MR. OBRECHT: Your Honor, the charges are rather extensive against Mr. Allen. There are seven different counts.

THE DEFENDANT: I'm aware of the charges. I'm ready to face them. That's what I'm here for.

No further colloquy was conducted by the trial court or by counsel. Without counsel's participation in the trial, appellant was compelled to conduct his own defense. He called his counsel as a defense witness, and counsel testified, on cross-examination, that appellant had been an uncooperative client. Later in the trial, the same counsel undertook, with appellant's consent, to deliver closing argument to the jury. After appellant had been convicted, counsel also filed post-verdict motions before being succeeded by present counsel.

It is beyond peradventure of a doubt that an accused may waive his right to counsel if the waiver is made knowingly, intelligently and voluntarily. Faretta v. California, 422 U.S. 806, 95 S.Ct. 2525, 45 L.Ed.2d 562 (1975); Commonwealth v. Davis, 479 Pa. 274, 388 A.2d 314 (1978); Commonwealth v. Tyler, 468 Pa. 193, 198, 360 A.2d 617, 620 (1976); Commonwealth v. Dale, 286 Pa. Super. 308, 311, 428 A.2d 1006, 1007 (1981); Commonwealth v. Hauser, 265 Pa. Super. 135, 141, 401 A.2d 837, 840 (1979). However, "[t]o be valid such a waiver must be made with an apprehension of the nature of the charges, the statutory offenses included within them, the range of allowable punishments thereunder, possible defenses to the charges and circumstances in mitigation thereof, and all other facts essential to a broad understanding of the whole matter. A judge can make certain that an accused's professed waiver of counsel is understandingly and wisely made only from a penetrating and comprehensive examination of all the circumstances...." Commonwealth v. Hauser, supra at 141, 401 A.2d at 840 quoting Von Moltke v. Gilles, 332 U.S. 708, 724, 68 S.Ct. 316, 323, 92 L.Ed. 309 (1948). (Emphasis supplied.) Accord: Commonwealth v. Dale, supra at 311, 428 A.2d at 1007; Commonwealth v. Andrews, 282 Pa. Super. 115, 126, 422 A.2d 855, 860 (1980); Commonwealth v. Fowler, 271 Pa. Super. 138, 142, 412 A.2d 614, 616 (1979). See also: Commonwealth v. Tyler, supra at 199, 360 A.2d at 620; Commonwealth v. Charlett, 282 Pa. Super. 28, 422 A.2d 659 (1980); Commonwealth v. Grant, 229 Pa. Super. 419, 323 A.2d 354 (1974). See also: Pa.R.Crim.P. 318 (c).*fn1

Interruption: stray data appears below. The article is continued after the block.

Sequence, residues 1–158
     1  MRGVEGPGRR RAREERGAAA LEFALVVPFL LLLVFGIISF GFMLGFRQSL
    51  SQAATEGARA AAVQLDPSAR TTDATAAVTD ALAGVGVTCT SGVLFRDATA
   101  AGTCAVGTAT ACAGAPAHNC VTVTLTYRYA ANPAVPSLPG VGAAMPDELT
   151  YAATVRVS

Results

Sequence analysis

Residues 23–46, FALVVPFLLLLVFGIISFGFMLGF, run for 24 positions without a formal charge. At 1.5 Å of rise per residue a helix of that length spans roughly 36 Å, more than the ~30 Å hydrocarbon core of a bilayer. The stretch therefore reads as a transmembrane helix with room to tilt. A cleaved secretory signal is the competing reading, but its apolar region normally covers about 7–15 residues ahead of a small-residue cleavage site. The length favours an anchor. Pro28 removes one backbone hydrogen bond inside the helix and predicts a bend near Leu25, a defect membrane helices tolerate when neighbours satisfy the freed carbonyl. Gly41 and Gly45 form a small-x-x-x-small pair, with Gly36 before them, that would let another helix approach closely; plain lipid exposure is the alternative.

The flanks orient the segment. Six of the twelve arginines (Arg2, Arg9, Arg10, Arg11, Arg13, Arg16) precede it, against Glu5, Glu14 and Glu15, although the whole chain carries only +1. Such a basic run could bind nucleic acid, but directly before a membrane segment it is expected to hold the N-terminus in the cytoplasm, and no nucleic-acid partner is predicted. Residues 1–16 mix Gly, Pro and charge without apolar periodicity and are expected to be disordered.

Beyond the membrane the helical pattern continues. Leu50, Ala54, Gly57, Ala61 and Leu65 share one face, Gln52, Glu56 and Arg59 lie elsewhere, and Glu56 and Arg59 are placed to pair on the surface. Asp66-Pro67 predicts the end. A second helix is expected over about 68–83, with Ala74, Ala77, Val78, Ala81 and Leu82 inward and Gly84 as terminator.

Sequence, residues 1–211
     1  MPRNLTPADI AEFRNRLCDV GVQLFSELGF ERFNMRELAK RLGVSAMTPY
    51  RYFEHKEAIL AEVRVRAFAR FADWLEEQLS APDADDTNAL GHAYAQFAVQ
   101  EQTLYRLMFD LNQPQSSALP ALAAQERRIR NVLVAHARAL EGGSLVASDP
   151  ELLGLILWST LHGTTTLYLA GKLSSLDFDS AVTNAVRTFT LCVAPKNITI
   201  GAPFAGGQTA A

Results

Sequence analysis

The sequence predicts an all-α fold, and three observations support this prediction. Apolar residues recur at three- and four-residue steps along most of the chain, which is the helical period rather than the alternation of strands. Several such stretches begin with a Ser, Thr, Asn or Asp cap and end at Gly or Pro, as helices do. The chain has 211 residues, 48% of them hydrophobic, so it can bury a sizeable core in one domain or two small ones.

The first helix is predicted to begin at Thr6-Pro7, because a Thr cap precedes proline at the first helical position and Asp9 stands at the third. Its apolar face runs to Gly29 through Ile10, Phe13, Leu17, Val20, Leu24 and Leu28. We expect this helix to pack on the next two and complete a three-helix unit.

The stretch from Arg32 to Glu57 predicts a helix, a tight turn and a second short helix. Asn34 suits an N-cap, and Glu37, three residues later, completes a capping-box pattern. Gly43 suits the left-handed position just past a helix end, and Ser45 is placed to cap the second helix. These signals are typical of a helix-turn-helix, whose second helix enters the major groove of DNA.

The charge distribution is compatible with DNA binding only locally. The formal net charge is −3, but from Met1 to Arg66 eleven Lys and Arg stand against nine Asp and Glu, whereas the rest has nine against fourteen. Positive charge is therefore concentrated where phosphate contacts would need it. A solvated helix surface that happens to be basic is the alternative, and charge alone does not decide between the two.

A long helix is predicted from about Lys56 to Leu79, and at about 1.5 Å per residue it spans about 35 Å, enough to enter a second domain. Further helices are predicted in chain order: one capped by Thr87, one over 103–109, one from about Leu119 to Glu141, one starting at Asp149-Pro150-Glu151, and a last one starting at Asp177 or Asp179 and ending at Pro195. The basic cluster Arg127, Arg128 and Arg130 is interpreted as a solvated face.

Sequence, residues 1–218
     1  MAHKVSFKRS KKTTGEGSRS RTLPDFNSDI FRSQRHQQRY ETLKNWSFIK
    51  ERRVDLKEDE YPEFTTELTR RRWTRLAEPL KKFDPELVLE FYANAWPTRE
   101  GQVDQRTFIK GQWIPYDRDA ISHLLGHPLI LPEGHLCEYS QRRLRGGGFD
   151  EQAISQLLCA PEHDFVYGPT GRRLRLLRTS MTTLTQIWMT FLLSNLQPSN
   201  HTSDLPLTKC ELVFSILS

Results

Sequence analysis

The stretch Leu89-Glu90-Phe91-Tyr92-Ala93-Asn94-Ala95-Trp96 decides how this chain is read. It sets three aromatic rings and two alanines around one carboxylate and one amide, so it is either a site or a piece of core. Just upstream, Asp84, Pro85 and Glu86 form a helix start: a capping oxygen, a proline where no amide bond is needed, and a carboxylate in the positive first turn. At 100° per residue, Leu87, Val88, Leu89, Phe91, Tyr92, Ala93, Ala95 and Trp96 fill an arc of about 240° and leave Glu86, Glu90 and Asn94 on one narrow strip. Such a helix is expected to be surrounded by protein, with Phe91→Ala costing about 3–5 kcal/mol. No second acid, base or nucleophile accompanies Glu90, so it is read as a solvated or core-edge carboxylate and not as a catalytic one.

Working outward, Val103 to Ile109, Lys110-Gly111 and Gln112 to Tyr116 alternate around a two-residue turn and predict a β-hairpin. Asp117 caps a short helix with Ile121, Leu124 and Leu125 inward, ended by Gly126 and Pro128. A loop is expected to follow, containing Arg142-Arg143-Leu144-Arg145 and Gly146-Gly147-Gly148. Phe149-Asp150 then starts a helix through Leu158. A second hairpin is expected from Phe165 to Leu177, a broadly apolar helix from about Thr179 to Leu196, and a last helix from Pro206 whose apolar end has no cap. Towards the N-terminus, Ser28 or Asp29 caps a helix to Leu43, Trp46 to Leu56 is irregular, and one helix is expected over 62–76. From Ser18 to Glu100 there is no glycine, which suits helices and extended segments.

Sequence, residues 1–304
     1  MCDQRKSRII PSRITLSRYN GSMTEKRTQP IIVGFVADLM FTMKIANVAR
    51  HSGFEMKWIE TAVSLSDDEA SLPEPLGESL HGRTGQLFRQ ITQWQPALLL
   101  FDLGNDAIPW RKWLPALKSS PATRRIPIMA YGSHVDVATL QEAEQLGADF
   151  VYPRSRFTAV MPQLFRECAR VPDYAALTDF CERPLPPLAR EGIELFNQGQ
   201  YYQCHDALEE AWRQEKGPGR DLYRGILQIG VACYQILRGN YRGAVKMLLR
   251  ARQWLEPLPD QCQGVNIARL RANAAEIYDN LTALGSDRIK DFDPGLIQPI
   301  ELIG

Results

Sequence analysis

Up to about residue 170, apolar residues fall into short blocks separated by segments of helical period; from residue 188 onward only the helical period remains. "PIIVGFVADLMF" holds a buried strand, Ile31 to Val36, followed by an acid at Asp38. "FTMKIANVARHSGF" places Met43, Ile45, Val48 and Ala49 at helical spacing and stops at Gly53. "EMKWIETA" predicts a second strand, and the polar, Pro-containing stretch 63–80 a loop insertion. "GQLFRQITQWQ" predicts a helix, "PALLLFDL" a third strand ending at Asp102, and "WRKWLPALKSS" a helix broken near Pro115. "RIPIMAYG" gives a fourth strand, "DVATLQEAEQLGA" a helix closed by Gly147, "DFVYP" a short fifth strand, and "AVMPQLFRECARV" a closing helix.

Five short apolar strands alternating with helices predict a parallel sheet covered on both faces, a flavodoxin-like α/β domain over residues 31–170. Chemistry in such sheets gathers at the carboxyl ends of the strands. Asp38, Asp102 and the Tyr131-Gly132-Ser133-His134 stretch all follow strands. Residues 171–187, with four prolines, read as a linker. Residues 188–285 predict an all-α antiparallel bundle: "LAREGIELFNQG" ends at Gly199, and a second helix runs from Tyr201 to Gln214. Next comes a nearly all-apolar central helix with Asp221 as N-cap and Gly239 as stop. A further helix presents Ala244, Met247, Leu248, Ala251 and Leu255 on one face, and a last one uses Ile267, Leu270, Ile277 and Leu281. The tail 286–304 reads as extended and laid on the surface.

A defendant has no absolute right to a particular counsel and will not be permitted to use his right to counsel unreasonably to clog the machinery of justice and delay trial. In order to warrant a substitution of counsel immediately prior to trial, a defendant must show good cause in the nature of a conflict of interest or an irreconcilable conflict with counsel. See: United States v. Melty, 674 F.2d 185, 188 (3rd Cir. 1982); McKee v. Harris, 649 F.2d 927, 934 (2d Cir. 1981), cert. denied, U.S. , 102 S.Ct. 1773, 72 L.Ed.2d 177 (1982). If the reasons are not made known to the court, however, the court has a duty to inquire to determine whether good cause exists. United States v. Welty, supar; Brown v. United States, 264 F.2d 363, 369 (D.C. Cir. 1959), cert. denied, 360 U.S. 911, 79 S.Ct. 1299, 3 L.Ed.2d 1262 (1959). (Burger, J. concurring in part.) Moreover and in any event, a court is not empowered "to require a defendant to proceed without counsel at a critical stage of a criminal prosecution without first ascertaining that the defendant is aware of the dangers of pro se representation and then affording him the opportunity to reconsider his decision to proceed pro se." Commonwealth v. Fowler, supra at 143 n.6, 412 A.2d at 616 n.6.

In Faretta v. California, 422 U.S. 806, 835, 95 S.Ct. 2525, 2541, 45 L.Ed.2d 562 (1975), the Supreme Court cautioned:

[w]hen an accused manages his own defense, he relinquishes, as a purely factual matter, many of the traditional benefits associated with the right to counsel. For this reason, in order to represent himself, the accused must "knowingly and intelligently" forego those relinquished benefits.... Although a defendant need not himself have the skill and experience of a lawyer in order competently and intelligently to choose self-representation, he should be made aware of the dangers and disadvantages of self-representation, so that the record will establish that "he knows what he is doing and his choice is made with eyes open."